The best time to raise in low-limit poker games

Apr 10, 2012 3:07 AM

In these tough times, paying more than you need to doesn’t make good economic sense. Same thing in low-limit hold’em – why pay a lot to see the flop? Unless you have A-A, K-K or Q-Q, you’re better off not raising before the flop in low-limit games.

Why? Because so many players call raises before the flop – and they call with a wide (make that "wild") assortment of hole cards. Whereas big pairs can win the pot without getting any help from the board, almost all your other starting hands will need some improvement to win.

When you’re in the big blind, the small blind or early position, you’re in a tough spot on all subsequent action because you’ll have to act before most of your opponents – and that’s a bad thing. Further, when you’re the "middle man" sitting between the raiser and the re-raiser, you definitely want to avoid three-way raising action on the flop or turn.

Remember this basic winning tip: The later your position, the more often you can call a raise on any betting round.

I often see players jam the pot with A-K before the flop, flop nothing except overcards, and still continue playing the hand. They call raises after the flop and sometimes even go to the river trying to snag an ace or king.

Occasionally they catch one and still lose; or they miss and complain Loose Louie called several raises before the flop with 6-5 off suit, made two pair and beat them. Who played worse, the guy who made two pair and raised or the player with the A-K who flopped nothing but overcards?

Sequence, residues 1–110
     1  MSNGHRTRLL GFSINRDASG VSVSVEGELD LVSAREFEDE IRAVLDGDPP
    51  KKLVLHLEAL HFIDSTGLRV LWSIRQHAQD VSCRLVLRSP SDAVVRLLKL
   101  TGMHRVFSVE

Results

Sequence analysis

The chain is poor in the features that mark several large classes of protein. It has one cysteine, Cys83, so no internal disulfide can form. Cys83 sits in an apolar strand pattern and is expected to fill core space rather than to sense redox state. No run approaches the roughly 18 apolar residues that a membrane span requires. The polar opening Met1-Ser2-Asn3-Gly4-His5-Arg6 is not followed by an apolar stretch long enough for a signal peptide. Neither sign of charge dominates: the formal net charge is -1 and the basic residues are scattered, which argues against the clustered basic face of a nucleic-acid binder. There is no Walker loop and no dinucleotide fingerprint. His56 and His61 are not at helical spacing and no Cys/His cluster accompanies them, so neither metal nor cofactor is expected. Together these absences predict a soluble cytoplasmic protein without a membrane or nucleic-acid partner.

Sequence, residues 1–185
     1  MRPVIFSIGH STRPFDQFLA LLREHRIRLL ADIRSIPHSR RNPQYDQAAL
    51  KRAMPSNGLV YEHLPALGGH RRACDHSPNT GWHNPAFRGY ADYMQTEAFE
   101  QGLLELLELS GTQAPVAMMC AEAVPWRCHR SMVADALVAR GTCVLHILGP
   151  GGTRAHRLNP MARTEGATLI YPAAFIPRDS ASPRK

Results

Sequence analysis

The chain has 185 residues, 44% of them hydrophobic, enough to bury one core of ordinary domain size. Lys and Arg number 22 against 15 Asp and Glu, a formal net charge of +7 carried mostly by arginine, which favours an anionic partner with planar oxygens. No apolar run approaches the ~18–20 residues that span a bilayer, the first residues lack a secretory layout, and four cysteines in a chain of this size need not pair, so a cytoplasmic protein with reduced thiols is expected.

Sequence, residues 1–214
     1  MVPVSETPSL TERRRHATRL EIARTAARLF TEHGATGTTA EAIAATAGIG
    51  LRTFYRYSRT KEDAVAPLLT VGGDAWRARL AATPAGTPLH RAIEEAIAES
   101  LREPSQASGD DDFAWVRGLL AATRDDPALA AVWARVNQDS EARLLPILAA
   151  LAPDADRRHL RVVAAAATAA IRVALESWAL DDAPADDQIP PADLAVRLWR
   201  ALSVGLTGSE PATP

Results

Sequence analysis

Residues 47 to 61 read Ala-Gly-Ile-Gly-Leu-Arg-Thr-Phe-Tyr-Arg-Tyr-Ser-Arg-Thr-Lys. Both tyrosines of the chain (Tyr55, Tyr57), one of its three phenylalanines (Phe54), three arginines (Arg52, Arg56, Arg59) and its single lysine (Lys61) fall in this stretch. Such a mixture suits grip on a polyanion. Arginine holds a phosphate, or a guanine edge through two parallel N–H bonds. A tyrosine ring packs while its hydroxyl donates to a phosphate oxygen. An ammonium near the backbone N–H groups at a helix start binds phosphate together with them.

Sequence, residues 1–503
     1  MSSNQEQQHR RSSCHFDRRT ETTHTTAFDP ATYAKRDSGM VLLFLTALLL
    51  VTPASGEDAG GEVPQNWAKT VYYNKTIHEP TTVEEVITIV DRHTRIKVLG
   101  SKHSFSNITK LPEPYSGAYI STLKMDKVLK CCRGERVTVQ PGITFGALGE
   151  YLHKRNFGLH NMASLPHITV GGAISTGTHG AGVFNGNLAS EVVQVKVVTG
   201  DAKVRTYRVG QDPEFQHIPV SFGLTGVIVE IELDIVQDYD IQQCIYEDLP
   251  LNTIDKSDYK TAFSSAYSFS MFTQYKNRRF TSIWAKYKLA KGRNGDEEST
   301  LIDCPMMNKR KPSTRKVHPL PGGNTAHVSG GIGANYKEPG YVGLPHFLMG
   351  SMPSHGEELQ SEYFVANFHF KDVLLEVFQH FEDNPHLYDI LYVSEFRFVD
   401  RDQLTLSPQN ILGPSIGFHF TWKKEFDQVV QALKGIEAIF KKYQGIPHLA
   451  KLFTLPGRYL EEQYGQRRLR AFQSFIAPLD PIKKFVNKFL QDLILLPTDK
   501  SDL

Even if your A-K is suited, it is still a drawing hand, not a made hand such as A-A, K-K, or Q-Q. The big pairs can win pots without any help from the board, but A-K usually needs a good flop to win.

Keep in mind that when you have Big Slick, you will only flop a pair to it about 30 percent of the time, and will flop a flush draw only about 11 percent of the time when it is suited.

Here’s the lowdown on raising in low-limit games: Unless you hold a big pair, do your raising after you see the flop, not before. That way, you can save money by folding if you don’t flop anything.

And if you hit the flop, you can make money by charging your opponents extra bets to draw against you.

Shane Smith is the author of Tournament Tips from the Poker Pros and three other books for low-limit poker players.